14 4 Introduction cluded in standard numerical libraries such as LINPACK  or LAPACK [75, 88] for dense matrices, for a survey we refer also to [83, 86]. Furthermore, an alternative, so-called incremental, approach was designed specifically to monitor the conditioning of a triangular factorization on the fly . However, the application of this incremental technique to sparse matrices is difficult and requires additional care, see [23, 59]. A related question concerns the determination of the numerical null space of a matrix by a direct factorization and led to the development of the class of so-called rank-revealing methods, see for example [26, 27, 28, 110]. Initially, these were designed for dense matrices but have recently been adopted also for sparse solvers, see . In all these methods, a condition estimator plays a central role for determining the rank-revealing factor. A description of our research and the contents of this manuscript In the first part of this introduction, we have given an overview of recent research on the direct solution of sparse linear systems. We now give an outline of the subsequent chapters of this thesis. Specifically, we describe our contributions to the different topics of research that we have identified before. Our presentation consists of three parts. The first part of this thesis is concerned with the development of a new incremental algorithm for norm estimation. Offering more flexibility than previously existing schemes, our new algorithm not only adapts well to dense but also to sparse matrices. We give both a theoretical analysis of the properties of the new technique and test its performance in practice. Through our investigation, we demonstrate the reliability of the new algorithm which is related to condition estimation and has applications in rank-revealing algorithms. In the second part of this thesis we describe the design and the implementation of the Sparse BLAS kernels, providing Basic Linear Algebra Subprograms for sparse matrices. These are defined by the BLAS Technical Forum with the principal goal of aiding in the development of modern iterative solvers like Krylov subspace methods for large sparse linear systems. The Sparse BLAS standard, as part of the BLAS project, specifies interfaces for a high-level description of vector and matrix operations for the algorithm developer but also leaves enough freedom for vendors to provide the most efficient implementation of the underlying algorithms for their specific architectures. Our Fortran 95 reference model implementation of the Sparse BLAS is currently the only existing complete implementation. It represents a first step towards widely available efficient kernels, as we identify many of the underlying complicated issues of the representation and the handling of sparse matrices and give suggestions to other implementors of how to address them. The development of a new scheduling algorithm for MUMPS, a MUltifrontal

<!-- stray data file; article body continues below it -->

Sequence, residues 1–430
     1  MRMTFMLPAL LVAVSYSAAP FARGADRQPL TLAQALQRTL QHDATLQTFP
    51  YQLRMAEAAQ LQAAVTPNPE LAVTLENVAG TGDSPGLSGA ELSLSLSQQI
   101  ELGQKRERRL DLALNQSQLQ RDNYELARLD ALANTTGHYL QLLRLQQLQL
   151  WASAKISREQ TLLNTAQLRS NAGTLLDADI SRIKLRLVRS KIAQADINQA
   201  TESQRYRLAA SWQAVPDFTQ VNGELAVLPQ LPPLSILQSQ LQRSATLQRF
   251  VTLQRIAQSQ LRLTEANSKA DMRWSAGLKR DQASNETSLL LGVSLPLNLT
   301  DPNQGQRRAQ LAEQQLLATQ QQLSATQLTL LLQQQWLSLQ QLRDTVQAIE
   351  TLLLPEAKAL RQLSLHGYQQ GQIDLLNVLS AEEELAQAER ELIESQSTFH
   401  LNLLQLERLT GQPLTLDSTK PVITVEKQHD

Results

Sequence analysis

15 Introduction 5 Massively Parallel Solver, is presented in the third part of this thesis. Our new approach addresses concerns about the scalability of MUMPS on a large number of processors with respect to computation time and use of memory that arose in a comparison with SuperLU, another state-of-the-art parallel direct solver for linear systems. An investigation shows that the dynamic scheduling has a significant impact on the performance of MUMPS as a major part of the computational work is distributed dynamically. We develop new algorithms to improve the treatment of the assembly tree during the static analysis and to better guide the dynamic task scheduler during factorization. With this new approach, we can increase the scalability of the solver in terms of time and memory needed.